Brown rat
Brown Rat (Rattus norvegicus) making a break from cover to grab food by Dunpharlain/CC-BY-SA-4.0

What is a non-native invasive species?

Before we dive into looking at our focus species for this blog it is worth recapping on what we mean by non-native invasive species and why they can be a significant problem for our native wildlife.

The definition we use for non-native invasive species is a ‘species which has been introduced into areas outside their natural range through human actions and are posing a threat to native wildlife’.

But why is this a problem?

Natural ranges are separated by barriers that a species cannot cross independently such as oceans, mountain ranges or deserts. Human intervention can allow species to cross these natural range barriers and be introduced to areas outside their natural range either deliberately (planned legal or illegal releases) or accidentally (escapes from captivity or as stowaways). When this happens, they are a non-native species to the area they have been introduced.

Boat on the Thames Andy Hay rspb images

Human movement can create pathways across natural barriers species would not otherwise be able to cross. Photo: Boat on the Thames Andy Hay/RSPB-images

When does a non-native species become an Invasive non-native species?

Invasive non-native species are those, that on reaching a new area through human intervention, pose a threat to the native wildlife. Invasive species can pose a threat in four main ways;

  • 1) Predation – many native species have evolved and adapted to have limited or no defence against invasive predators. Introduced predators have caused numerous species to go extinct globally. (Example: rodents can devastate seabird colonies by eating eggs and chicks)
  • 2) Competition for resources – some invasive species can out compete native wildlife for resources such as food, nesting sites or space. (Example: Rhododendron can form large stands preventing the growth of native plant species)
  • 3) Introducing new diseases – Non-native species may not be alone when they arrive in a new range and can themselves be carrying parasites and disease that native wildlife have little or no defence against (Example: signal crayfish are a carrier of crayfish plague which can kill native crayfish)
  • 4) Hybridisation – some species are capable of breeding with distinct but closely related species. Hybridisation between native and non-native species can over time significantly reduce the genetic diversity of a native species. (Example: Feral cats interbreeding with Scottish wildcat are the greatest threat to the species)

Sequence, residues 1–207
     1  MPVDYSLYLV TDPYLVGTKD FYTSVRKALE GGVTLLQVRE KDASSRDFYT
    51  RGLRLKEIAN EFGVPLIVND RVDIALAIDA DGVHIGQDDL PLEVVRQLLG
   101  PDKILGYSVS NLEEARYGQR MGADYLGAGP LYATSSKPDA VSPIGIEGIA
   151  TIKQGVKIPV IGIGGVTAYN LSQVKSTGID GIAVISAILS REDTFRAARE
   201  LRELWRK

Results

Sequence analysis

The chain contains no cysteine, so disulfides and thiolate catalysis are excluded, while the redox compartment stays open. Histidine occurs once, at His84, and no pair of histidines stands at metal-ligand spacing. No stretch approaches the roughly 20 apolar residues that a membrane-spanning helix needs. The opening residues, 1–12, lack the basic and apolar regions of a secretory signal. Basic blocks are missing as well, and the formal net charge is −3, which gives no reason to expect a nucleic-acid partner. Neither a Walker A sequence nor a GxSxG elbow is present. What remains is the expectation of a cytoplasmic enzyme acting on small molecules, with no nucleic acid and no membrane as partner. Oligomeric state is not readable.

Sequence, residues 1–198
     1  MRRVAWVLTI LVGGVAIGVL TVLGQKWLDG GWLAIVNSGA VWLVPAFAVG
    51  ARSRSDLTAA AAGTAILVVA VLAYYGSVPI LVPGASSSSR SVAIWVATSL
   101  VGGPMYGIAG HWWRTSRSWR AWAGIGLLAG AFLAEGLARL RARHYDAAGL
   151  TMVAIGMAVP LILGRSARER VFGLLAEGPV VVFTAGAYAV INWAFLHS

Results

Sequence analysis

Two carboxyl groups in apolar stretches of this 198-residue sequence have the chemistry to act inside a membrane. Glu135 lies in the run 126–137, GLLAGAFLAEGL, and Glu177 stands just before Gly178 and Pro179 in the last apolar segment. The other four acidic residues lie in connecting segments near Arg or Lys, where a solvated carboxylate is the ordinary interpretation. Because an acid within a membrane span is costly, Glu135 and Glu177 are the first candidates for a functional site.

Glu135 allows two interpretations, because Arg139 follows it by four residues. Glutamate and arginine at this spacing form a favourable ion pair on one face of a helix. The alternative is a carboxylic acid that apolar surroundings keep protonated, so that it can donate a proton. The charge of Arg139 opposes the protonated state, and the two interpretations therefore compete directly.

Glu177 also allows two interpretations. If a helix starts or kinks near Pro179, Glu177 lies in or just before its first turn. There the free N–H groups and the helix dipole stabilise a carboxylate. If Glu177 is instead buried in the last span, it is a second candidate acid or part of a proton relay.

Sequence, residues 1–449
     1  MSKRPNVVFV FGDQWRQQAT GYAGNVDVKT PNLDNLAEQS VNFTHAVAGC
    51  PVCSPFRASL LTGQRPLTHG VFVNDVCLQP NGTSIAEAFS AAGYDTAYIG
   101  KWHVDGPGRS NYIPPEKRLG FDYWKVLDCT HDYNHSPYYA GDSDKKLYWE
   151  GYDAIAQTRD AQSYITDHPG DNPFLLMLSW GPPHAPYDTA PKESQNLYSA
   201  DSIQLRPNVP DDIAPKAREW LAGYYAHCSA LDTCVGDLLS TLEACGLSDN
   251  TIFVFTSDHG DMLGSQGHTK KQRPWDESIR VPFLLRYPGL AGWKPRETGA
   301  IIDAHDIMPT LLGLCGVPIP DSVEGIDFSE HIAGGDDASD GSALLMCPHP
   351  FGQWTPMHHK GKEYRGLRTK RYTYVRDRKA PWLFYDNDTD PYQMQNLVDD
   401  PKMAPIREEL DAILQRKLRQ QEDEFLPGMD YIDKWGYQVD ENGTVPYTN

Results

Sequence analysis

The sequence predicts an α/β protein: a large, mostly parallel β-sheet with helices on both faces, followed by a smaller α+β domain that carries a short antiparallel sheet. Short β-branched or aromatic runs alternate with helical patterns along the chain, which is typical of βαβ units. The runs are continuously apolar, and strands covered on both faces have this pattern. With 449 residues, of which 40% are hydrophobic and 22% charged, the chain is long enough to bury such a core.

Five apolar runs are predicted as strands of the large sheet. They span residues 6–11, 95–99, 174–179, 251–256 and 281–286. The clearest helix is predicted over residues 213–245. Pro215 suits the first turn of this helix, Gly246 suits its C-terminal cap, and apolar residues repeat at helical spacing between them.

At Biosecurity for LIFE we are focused on non-native invasive mammals as these pose the greatest imminent threat to our important seabird islands. In this ‘Invasive species blog series’ we will look at what species we are concerned about, where they originate from, how they got here, why they are so successful and what threat they pose. We start with the brown rat (Rattus norvegicus).

Coquet Island RSPB reserve David Wootton rspb images

Many islands around the UK have never naturally had mammalian predators. Seabirds have evolved on these safe breeding islands and can be devastated by the introduction of invasive non-native mammalian predators. Photo: Coquet Island RSPB reserve David Wootton/RSPB-images

Brown Rat (Rattus norvegicus)

Brown rats can have a body length up to about 28cm with a tail between 10-24cm. They grow to weigh 200-300g and tend to live about 2-years in the wild. As with all rat species brown rats are very good breeders, females can breed from 3 months old and average 5 litters per year. Pup numbers average about 6 pups per litter although litters of up to 12 are not uncommon. Brown rats live in loose colonies made up of smaller ‘clan’ groups digging their own burrows. Larger more powerful males occupy and defend better territories and food sources.

Despite the scientific name brown rats originate from central Asia and northern China. They are possibly the most successful mammal on earth along with humans and can now be found on all continents except Antarctica. After reaching the UK sometime during the 18th century as stowaways on trading ships from Europe and Russia, it is now the UKs dominant rat.